"Pittsburgh's Hard-Luck Bridge"
By Joe Bennett
from special issue "Pittsburgh Bridges Falling Down," The Pittsburgh Press Roto
Sunday, June 5, 1977
Copyright acknowledged. This article is reproduced here for historical and educational purposes.
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When they finally tore down the Wabash Bridge in 1948, nobody was sorry to see it go. The 812-foot railroad span seemed to live under a curse from the beginning, perhaps haunted by the ghosts of the men who died building it 45 years before.
By the time it was dismantled, it had become a useless, dead skeleton hanging over the Golden Triangle. When the job was done, Roto magazine ran a cover photo showing the "new look" of Downtown Pittsburgh without the old eyesore.
The Wabash's sorry history began in 1902 when railroad entrepreneur George Gould commissioned its construction as part of what would be his transcontinental system.
Pittsburgh, then the nation's freight capital, generating more traffic than New York, Chicago and Philadelphia combined, was to be the crown jewel of the Gould empire, but he had to fight to get it. The Pennsylvania Railroad was financially and politically entrenched here, and Gould spent millions just to remove the obstacles local politicians threw up.
Gould's bridge, linking his new terminal on Water Street to the Wabash Tunnel through Mount Washington, loomed 109 feet above the Monongahela River. Its construction was costly in lives as well as dollars.
The morning of Oct. 20, 1903, was a key one for the bridge project. The two ends of the bridge, being built from opposite sides of the Mon, were to be joined that day.
Supply barges were maneuvered into position in the river, and cranes on the bridge started hauling steel up. Earl Crider, on one of the barges, helped hook five beams to ropes from a crane. Later he described what happened:
"There was an awful crash over our heads. Looking up I saw beams and girders in the air. Then it seemed that the entire part of the bridge extending out over the water had begun to fall. I had only an instant to see all this. Then I jumped into the water. I was hit on the side of the head with a beam of wood, but the water saved me from being crushed."
Crider was one of the lucky ones. The carrier supporting the crane had broken loose, catapulting toward the edge of the bridge. Machinery, steel and men were crushed and swept off the bridge.
"They fell through the air like flies," said John McTighe, who watched the disaster from Water Street. "The men were shrieking and yelling as they fell. Some were clinging to pieces of iron and beams."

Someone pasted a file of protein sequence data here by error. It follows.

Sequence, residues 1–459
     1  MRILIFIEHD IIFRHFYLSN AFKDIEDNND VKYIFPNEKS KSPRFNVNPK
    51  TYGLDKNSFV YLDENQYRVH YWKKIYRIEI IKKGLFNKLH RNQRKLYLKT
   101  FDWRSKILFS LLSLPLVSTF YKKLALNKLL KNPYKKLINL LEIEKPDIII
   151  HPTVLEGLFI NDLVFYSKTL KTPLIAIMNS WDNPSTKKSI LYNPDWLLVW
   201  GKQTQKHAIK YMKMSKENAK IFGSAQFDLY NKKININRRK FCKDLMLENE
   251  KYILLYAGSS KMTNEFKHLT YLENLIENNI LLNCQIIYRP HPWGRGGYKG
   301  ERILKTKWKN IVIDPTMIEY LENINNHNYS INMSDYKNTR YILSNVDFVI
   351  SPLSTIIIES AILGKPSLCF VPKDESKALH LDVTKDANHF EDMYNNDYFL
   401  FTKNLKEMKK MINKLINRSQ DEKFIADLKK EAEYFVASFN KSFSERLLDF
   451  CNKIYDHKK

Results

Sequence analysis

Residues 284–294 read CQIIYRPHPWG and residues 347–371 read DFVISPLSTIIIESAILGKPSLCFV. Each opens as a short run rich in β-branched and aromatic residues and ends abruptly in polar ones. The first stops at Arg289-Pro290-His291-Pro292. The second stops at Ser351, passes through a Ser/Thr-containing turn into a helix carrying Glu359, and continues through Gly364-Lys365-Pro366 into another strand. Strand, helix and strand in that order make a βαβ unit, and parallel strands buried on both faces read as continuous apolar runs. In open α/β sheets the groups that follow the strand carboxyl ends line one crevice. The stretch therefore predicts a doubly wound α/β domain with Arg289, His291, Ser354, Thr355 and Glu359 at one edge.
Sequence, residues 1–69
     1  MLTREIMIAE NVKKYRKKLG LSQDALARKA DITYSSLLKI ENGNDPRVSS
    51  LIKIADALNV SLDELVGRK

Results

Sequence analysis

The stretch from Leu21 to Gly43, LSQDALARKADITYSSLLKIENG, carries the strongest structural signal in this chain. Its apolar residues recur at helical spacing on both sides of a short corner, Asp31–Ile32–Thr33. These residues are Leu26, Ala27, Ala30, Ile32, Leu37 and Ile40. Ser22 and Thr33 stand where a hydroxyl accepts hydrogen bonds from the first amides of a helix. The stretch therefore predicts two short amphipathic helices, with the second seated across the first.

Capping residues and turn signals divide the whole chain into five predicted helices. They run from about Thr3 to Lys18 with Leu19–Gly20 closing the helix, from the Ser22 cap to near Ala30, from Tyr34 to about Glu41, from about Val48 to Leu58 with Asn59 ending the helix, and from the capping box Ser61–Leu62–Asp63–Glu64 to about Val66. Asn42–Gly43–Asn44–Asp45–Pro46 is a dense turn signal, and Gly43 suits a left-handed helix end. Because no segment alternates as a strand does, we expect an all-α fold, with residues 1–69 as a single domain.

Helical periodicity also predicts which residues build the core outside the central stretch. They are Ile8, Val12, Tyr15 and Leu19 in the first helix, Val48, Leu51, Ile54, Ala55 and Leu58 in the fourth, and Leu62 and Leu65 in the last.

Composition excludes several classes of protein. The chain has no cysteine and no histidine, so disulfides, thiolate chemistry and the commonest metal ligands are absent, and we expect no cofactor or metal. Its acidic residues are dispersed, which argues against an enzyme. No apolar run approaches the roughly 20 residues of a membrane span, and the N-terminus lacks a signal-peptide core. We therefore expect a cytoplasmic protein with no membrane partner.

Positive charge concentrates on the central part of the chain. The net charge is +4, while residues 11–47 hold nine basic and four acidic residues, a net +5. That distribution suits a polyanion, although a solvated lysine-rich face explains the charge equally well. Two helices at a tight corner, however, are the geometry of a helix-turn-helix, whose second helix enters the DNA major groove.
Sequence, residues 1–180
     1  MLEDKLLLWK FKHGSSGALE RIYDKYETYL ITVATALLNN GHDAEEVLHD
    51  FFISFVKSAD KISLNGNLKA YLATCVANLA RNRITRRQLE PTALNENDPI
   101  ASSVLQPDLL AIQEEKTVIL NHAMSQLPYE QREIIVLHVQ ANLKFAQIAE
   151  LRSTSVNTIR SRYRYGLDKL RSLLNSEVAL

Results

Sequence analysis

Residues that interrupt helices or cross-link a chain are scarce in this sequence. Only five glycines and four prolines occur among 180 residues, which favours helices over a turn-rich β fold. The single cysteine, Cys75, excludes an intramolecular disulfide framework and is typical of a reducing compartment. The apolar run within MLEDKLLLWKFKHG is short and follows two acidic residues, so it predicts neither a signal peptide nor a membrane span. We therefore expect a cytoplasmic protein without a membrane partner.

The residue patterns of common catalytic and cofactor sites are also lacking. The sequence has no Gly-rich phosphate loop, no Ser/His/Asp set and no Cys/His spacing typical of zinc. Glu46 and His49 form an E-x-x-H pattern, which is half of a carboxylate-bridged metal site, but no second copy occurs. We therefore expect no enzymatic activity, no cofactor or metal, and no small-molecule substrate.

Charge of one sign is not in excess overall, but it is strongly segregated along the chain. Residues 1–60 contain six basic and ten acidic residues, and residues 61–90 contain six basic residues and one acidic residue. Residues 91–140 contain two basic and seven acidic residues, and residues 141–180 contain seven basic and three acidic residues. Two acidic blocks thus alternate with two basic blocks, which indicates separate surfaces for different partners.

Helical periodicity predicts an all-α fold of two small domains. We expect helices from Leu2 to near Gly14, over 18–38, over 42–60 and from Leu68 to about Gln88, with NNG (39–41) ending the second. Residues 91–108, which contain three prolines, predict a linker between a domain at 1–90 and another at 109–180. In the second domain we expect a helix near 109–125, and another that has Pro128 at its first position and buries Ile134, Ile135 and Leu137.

In all, 10 men died. Seven had been on the bridge, three on the barges below. Five others, including Crider, escaped by jumping into the river. They may have been warned by the quick action of the hoisting engineer, who sounded an emergency horn as soon as he saw what was happening.
There were miraculous escapes, too. One unidentified worker, swept off the bridge, made a convulsive midair grab for a safety rope and hung there while the deadly steel cascaded around him. Then he slid down the rope to a boat and joined in the rescue operation. Another man lay semi-conscious on a beam at the very edge of the bridge. When he came to his senses, he looked around, saw where he was, and scrambled to safety.
At least two men survived the 109-foot plunge to the water. Thomas Shelley landed between two of the barges and suffered only a leg injury. "My fall to the river was quick," he reported, "but I thought a whole lot in that short time."
Rescue work, begun almost immediately, was severely hampered by crowds of curious Downtown workers, who had flocked to the river banks to watch the show.
The Oct. 20 disaster was the worst in a series of misfortunes that beset the Wabash job. Weather was a constant problem, and a smallpox epidemic hit the workmen. There were strikes, riots, landslides and floods.
Nor did things improve after the bridge opened with much fanfare in 1904. Despite Pittsburgh's rich freight market, Gould's railroad never made enough money to pay for itself. The line was an engineering marvel, cutting straight through the worst terrain Western Pennsylvania could present, with hardly a hill or a curve to mar the traveler's ride. But construction had cost about $1 million a mile, and the Wabash never wrested control of the market from the Pennsylvania.
In 1908, the Wabash was forced to go into receivership, and in 1917, the local spur was absorbed by the Pittsburgh and West Virginia Railroad. After 1931, passenger traffic was discontinued, and only freight traffic moved through the elaborate Downtown terminal. Then, in 1946, fire destroyed the terminal. The Wabash bridge became a useless hulk.
A plan to use the bridge and tunnel as part of a mass transit system into the South Hills had been dropped. Somebody suggested taking the bridge down and putting it up elsewhere. Finally, the old bridge was scrapped and the steel melted down for use in the Dravosburg Bridge that was going up in 1948.
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Original Document: Bennett, Joe. "Pittsburgh Bridges Falling Down: Pittsburgh's Hard-Luck Bridge" The Pittsburgh Press Roto. Sunday, June 5, 1977